Choral Music from African-American Traditions Comforts the Soul and Confronts History
Although Black History Month is nearly over, two San Diego choral organizations, Sacra/Profana and the Martin Luther King, Jr. Community Choir of San Diego, managed to pay appropriate tribute to this worthy tradition Friday evening with a joint concert at St. Mark’s United Methodist Church in Clairemont.Sacra/Profana performed Voyage Through Death to Life Upon These Shores, composer Anthony Davis’ 1991 harrowing secular cantata, and the Martin Luther King Jr. Community Choir sang a selection of African-American spirituals and contemporary Gospel anthems.
Davis, a Distinguished Professor at UC San Diego and winner of the 2020 Pulitzer Prize for Music, based his a cappella cantata on Robert Hayden’s 1945 poem Middle Passage, a lengthy, graphic account of an early 19th-century mutiny aboard a ship bringing enslaved Africans across the Atlantic to North America. Davis’ aptly austere choral tapestry brought to mind the gravity of a Baroque Passion oratorio, but without its subtext of redemption. Hayden’s chilling Middle Passage narrative may portray the “voyage from death to life” those who survived the journey, but that proved true for only a small percentage of the Africans on that ill-fated ship.
Under the assured direction of Artistic Director Juan Carlos Acosta, the twenty singers of Sacra/Profana navigated Davis’ demanding score with a consistently well-focused, deftly balanced sonority complemented by supple phrasing of the composer’s sympathetic articulation of Hayden’s epic poetry. Davis’ choice of the octatonic mode for his cantata deprived him of the dramatic flourishes that conventional major-minor tonality offers, but a combination of his inventive thematic structures, his consistent close harmonies, and the choir’s buoyant drive more than compensated.
Sacra/Profana will perform Davis’ Voyage from Death to Life Upon These Shores at an upcoming convention of the American Choral Directors Association. Based on Friday’s performance, I predict they will mightily commend both San Diego choral singing and Anthony Davis’ profound work to this professional gathering
Before Director Ken Anderson brought singers from his Martin Luther King Jr. Community Choir of San Diego to the chancel of St. Mark’s United Methodist Church, he gave a lively historical description of Negro spirituals—as they were originally called—and how they served as a foundation for gospel music, jazz, and the wide array of today’s popular styles. Anderson explained that while the white slave owners thought spirituals were merely benign music, these “sacred” songs were actually filled with instructions on how and when to escape–or at least how to survive while awaiting the possibility of escape. With Anderson’s resonant baritone he referenced several spirituals and gave a commanding account of “Keep Your Hand on the Plow.”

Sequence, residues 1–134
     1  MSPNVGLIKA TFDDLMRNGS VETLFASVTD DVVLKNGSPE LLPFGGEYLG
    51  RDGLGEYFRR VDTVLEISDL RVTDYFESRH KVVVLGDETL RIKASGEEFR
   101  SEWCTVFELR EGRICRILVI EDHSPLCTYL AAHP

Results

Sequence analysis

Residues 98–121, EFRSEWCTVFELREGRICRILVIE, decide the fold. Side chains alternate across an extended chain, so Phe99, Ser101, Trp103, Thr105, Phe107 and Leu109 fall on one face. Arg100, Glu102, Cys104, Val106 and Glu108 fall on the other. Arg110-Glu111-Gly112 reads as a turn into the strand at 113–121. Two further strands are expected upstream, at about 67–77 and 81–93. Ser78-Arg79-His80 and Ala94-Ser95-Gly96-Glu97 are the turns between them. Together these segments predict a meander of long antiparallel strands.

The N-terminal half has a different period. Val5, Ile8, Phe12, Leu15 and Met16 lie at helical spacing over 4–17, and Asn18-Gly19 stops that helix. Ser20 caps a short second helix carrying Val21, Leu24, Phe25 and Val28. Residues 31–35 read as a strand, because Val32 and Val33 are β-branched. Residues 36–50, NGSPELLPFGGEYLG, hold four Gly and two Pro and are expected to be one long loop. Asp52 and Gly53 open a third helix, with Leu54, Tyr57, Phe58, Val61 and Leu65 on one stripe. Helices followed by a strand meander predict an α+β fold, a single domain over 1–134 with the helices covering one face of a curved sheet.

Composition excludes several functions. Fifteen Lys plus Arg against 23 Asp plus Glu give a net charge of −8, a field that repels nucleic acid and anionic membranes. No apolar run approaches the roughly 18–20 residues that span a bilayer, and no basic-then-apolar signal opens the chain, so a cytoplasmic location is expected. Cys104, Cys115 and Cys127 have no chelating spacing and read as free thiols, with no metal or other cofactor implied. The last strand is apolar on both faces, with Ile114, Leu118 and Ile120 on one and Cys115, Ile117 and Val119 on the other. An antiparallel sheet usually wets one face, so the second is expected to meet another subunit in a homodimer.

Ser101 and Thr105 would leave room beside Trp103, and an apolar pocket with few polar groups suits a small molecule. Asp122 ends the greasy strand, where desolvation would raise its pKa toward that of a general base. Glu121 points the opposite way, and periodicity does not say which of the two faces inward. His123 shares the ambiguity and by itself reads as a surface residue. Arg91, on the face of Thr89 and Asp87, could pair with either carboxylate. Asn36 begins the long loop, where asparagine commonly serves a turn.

With a select group of 14 singers from his choir, Anderson launched a highly rhythmic, driving a cappella choral arrangement of the spiritual “Glory, Glory, Hallelujah.” Sitting down at the grand piano, Anderson then eased his ensemble into a more easy-going, sweetly lyrical gospel number “Lord, I Will Lift My Eyes to the Hills,”
“Hold on to His Hand,” a fiery, intense gospel anthem featured the splendid solo work of chorus member Dale Flemming, whose gleaming soprano confidently vaulted into the upper edge of the vocal stratosphere. For the choir’s finale, Anderson brought forward another 40 or so members of his choir present in the audience for a triumphant rendition of “Lift Up the Lord, and Praise His Holy Name,” a piece that cleverly quotes riffs from Handel’s “Hallelujah” chorus from that oratorio that nearly everyone knows. Gloriously propelled by Anderson’s fluent gospel piano technique, this gospel anthem crowned the offerings of San Diego’s beloved gospel choir.
As the evening’s fitting benediction, the two directors brought all of their singers together in the St. Mark’s chancel to lead the audience in “We Shall Overcome,” that rallying cry from the Civil Rights protests of the last century. With war breaking out in Eastern Europe, the verse “We shall live in peace some day” took on poignant relevance, and with Anderson at the piano, the hymn unleashed its unfailing holy persuasion.
Sacra/Profana and the Martin Luther King Jr. Community Choir of San Diego presented this concert on Friday, February 25, 2022, at St. Mark’s United Methodist Church in San Diego’s Clairemont neighborhood.
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